Dating Violence in the News

A recent study described in the Journal of the American Academy of Child and Adolescent Psychiatry suggests that 3 percent of 12-to-17-year-old girls and 0.6 percent of boys report being physically or sexually assaulted by a romantic partner or date. These results do not include being slapped or verbally abused, which would push those rates up much higher.

Teens at greater risk for experiencing violence in their relationships are those with a history of stressful traumatic events like losing a sibling, parent or friend. Because we know who may be at risk, we could target teens the most at risk for relationship violence with prevention messages that help them develop healthy teen relationships. The authors also suggest that all teens be taught how to report violence experienced by friends.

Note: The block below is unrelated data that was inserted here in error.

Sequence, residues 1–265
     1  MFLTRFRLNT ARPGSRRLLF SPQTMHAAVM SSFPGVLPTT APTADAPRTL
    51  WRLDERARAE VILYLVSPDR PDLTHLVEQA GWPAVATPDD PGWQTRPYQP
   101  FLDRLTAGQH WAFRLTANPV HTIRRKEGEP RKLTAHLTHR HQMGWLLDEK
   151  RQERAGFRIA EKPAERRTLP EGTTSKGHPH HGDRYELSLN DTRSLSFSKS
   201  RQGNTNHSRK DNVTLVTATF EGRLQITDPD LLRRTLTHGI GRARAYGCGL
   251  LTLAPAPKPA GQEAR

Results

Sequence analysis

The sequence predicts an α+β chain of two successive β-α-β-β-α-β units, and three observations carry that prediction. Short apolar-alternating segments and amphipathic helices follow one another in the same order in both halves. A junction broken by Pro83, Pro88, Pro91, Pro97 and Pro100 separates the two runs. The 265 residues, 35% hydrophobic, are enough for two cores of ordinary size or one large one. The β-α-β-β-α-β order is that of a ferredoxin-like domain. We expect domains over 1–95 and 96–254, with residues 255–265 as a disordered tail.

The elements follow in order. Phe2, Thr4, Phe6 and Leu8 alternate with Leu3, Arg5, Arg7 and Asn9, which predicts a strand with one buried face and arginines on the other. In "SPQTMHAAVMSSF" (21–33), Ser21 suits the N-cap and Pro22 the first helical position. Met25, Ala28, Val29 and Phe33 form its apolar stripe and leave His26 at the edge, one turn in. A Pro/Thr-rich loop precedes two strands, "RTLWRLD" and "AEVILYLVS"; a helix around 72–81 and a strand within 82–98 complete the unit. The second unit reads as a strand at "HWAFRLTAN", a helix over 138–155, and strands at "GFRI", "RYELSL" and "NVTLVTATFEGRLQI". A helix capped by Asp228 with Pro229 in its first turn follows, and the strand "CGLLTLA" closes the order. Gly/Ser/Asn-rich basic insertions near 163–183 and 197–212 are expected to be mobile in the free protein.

The consequences of being exposed to relationship violence includes being four times more likely to experience symptoms of post-traumatic stress disorder (PTSD) or major depression.

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